Make sure you have a system for capturing any address changes for your employees so you can review compliance requirements for employee data in their nation. Since it can be complex to have multiple compliance plans for different employees, it may be easiest to make a list of where your workers live, research employee data compliance regulations in each of those locations, and create one employee data collection and use plan that meets requirements for all these rules.
For example, if you have some employees in the EU and some in the US, using GDPR compliance for employee data rules for all employees ensures there are no mistakes made with your EU workers.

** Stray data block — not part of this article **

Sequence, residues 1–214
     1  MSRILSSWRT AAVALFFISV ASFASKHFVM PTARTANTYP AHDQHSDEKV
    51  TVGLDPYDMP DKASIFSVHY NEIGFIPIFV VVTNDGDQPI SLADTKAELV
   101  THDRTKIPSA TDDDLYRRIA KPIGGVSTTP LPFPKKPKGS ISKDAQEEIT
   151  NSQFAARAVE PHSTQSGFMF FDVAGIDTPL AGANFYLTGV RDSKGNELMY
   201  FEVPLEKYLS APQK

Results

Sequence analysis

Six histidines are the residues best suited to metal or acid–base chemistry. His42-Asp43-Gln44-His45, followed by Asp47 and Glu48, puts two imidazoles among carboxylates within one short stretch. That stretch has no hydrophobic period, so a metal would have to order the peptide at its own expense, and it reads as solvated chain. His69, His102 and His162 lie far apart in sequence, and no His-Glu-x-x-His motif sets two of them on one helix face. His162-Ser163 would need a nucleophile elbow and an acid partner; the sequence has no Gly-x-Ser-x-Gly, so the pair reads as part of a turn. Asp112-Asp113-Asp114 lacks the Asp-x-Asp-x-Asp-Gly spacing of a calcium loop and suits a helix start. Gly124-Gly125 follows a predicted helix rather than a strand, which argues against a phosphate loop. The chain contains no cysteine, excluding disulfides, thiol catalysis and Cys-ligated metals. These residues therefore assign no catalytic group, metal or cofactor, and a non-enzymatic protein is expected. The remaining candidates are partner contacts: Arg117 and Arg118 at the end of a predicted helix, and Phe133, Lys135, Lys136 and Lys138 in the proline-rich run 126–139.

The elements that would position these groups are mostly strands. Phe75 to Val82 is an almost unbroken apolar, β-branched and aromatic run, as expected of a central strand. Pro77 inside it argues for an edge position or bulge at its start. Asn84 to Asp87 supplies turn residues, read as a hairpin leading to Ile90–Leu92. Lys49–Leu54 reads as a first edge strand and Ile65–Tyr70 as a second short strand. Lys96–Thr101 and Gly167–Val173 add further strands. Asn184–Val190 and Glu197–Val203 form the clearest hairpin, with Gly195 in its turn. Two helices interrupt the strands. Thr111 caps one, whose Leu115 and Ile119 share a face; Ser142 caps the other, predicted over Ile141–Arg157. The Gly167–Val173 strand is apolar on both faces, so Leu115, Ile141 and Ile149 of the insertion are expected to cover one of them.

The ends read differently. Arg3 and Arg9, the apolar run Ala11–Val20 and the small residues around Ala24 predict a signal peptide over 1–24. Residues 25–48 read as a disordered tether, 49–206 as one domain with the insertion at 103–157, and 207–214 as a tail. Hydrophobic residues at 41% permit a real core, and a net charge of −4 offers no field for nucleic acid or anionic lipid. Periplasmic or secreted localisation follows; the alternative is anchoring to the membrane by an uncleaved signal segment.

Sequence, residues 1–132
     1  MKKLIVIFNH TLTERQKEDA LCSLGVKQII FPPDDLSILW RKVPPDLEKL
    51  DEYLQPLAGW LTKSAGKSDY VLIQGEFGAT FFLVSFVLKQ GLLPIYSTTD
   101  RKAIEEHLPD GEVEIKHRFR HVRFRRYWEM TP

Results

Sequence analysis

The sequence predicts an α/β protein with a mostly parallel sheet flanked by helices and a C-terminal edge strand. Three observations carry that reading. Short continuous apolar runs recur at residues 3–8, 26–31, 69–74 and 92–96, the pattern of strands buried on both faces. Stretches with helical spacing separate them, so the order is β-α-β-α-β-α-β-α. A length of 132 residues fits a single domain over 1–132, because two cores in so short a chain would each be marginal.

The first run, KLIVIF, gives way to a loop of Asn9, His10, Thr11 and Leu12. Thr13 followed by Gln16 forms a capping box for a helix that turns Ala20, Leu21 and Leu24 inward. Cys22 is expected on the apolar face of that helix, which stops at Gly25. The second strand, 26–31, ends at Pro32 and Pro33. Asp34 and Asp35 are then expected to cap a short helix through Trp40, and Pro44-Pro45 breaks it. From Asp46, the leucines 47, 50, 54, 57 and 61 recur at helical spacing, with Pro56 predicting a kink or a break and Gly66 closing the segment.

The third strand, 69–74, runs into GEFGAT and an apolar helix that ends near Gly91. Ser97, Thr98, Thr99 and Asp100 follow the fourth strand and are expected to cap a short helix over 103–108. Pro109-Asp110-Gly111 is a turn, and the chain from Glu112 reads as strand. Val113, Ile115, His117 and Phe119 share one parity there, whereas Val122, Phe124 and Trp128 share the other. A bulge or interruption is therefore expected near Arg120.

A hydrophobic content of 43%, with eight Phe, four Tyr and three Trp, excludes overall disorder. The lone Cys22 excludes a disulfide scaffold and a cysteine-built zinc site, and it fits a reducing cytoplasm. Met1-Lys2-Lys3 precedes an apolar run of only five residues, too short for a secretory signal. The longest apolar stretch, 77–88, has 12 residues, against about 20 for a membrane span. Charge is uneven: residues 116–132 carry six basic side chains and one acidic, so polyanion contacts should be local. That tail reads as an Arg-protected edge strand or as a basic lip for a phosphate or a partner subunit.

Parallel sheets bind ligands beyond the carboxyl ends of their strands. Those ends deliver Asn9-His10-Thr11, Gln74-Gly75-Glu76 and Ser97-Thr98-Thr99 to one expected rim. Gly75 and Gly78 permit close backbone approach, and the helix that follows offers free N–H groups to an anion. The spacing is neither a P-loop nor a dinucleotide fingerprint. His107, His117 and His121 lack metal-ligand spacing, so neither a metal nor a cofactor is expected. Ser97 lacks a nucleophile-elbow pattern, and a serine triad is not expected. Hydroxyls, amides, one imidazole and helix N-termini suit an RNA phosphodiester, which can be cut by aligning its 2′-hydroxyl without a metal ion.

Step Two: Stay Aware of Changes
Countries and states are always updating their compliance requirements for employee data. It is important your HR team stays up to date about changes so you stay compliant with new rules. For example, if you have workers in the UK, the UK-GDPR applies as of 2022. Under these rules, consumer and employee data can be collected and used only with transparency and fairness. It can only be kept as long as the data is required.
However, in 2022 the UK has proposed changes to data privacy rules which would move the UK further from GDPR compliance and employee data requirements. Under the proposed rules, it might be possible for companies to develop anonymized datasets, for example, and some paperwork rules may be relaxed as well.
Step Three: Create Smart Policies